Digging Foundations

5 Things To Do Before You Dig A Building Foundation

You probably feel happy and excited about purchasing a lot and creating a plan for your area.

At the time of building a new home, a community project, or a business facility, some things can be time-consuming because it needs setting out, excavation, site clearance, and safety measures based on the depth of excavation.

Before you schedule your excavation and grab the shovel, there are several things to consider and check off in your to-do list.

Your hired builder would probably do the excavation checklist, but it is better to have an in-depth understanding of the entire process of the site work.

By that, you already have a good grasp that your construction site is ready for development.

To know more, here are five things to do before you dig your foundation.

Have Your Property Surveyed

Whether you intend to purchase new land or have plans to build on property you already own, there are many reasons why you may need a feature or land survey.

Getting your property surveyed is a substantial way of preventing costly mistakes in the future.

A property survey is not only beneficial, but it is also a requirement for moving forward with your plans and the development of your construction work.

One of the reason is when you are trying to choose if the project will obtrude on someone else’s property.

Furthermore, it is also essential that you hire a land surveyor to avoid property line disputes.

Also, for you to know if whether or not a building is in a flood hazard area when you are preparing for a subdivision layout.

Deforested Field

Owner’s Check Prior to Excavation Activity

You and your builder consultant should know some specific things before doing any activity in the construction site.

For excavation, you will want to inspect all cleanouts and manholes for damage and mark them with bright paint.

You also need to check the weather forecast the day before the excavation activity as you don’t want to open up the hole when it is raining.

Also, if you are building in cold temperatures, be sure that you have a plan for blocking the ground from freezing.

Site Preparation Process

The site preparation process is the first step to do and to be done.

A person who wants to build a new home, a community project, or a business facility need a clear and adequately prepared site.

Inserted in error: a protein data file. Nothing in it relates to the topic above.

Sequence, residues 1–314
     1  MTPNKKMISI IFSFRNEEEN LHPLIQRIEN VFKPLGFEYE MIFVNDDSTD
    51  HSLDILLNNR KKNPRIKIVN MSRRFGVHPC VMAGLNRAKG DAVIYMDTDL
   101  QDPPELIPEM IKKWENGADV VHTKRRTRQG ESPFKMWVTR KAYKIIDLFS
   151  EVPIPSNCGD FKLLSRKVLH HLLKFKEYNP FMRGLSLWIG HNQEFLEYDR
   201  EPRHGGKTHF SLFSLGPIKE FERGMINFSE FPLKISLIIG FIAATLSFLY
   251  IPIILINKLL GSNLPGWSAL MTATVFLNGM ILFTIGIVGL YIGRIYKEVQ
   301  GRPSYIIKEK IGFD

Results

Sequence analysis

There are various processes involved in preparing the site.

Here are some of the step by step site preparation process.

  • Site clearing is the first task of site preparation. The site should be in a cleared and graded condition. The site clearing involves the removal of barriers such as trees, bushes, and debris that can be crucial to excavation and can affect the construction process in the future or hinder the project to be done. There may also be existing buildings present that may required careful demolition if they contain potentially hazardous materials, where a local asbestos removal company can take it away.
  • Soil testing is a significant task that requires to be done before the site is acquired. It is essential to examine the quality of the soil to determine its workability. Soil testing must be done by a competent geotechnical engineer to evaluate how the soil onsite will react to certain conditions and to regulate how much weight a building can hold.
  • Site plan design is the next step after the soil testing is completed. Having a site plan alter the composition to indicate the placement of all the necessary fixtures. Without the design, nothing can be accomplished on the site.
  • Underground Utility Mapping. Aside from removing the old structures and other possibles obstructions from the area, the developer and the crews will also account for the utilities and subsurface structures.

The underground utility mapping is an important factor in maintaining safety in the job site and not to expose the crew to more significant risks. Failure to map the subsurface utilities could be catastrophic such as causing injuries to the team and massive project delays.

The Code

Before you build, don’t forget to take one last look at the city’s building codes.

The builder, developer, and designer should familiarize all the rules and regulations that encompass around your build.

For instance, digging the area that infringes or is too close to someone’s home or property could result in costly fixes. Make sure the construction is up to a given standard so that the labor and process will go smoother.

The Utilities

When you choose an area or land within an existing development, you don’t need to be worried about the utilities.

Your chosen developer has extinguished all water, gas, and power to the area to make the development of the building much more manageable.

Having the water and energy dramatically helps in the smooth run of the building process.

However, if you pick out an undeveloped land, you have to certainly bring the utilities to the area before cultivating the ground.

You also need to know where the utilities will enter before pouring a foundation.


The strength of the building lies in its foundation, and most people understand that the foundation of any building provides the necessary support for the entire structure.

The five things mentioned above are one way of making construction work successful, and it should not be taken for granted as it protects all people visiting the building in the future.

Author’s Bio

Louise Davis is a part-time writer and a full-time mom on her 5-year-old daughter. She is also engrossed in the architecture and engineering field and is a web writer for Winola Excavating and other construction companies.  When not working, Louise enjoys reading books and watching fashion shows.